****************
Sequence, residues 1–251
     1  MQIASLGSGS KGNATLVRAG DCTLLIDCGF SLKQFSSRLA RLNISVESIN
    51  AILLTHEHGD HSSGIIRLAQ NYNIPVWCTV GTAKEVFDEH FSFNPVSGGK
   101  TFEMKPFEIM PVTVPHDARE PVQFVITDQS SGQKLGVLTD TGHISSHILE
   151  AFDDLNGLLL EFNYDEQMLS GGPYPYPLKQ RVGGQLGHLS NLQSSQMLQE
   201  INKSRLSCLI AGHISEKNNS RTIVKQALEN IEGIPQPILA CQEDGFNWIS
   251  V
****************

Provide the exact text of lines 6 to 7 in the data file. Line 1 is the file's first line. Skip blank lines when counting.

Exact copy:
   201  INKSRLSCLI AGHISEKNNS RTIVKQALEN IEGIPQPILA CQEDGFNWIS
   251  V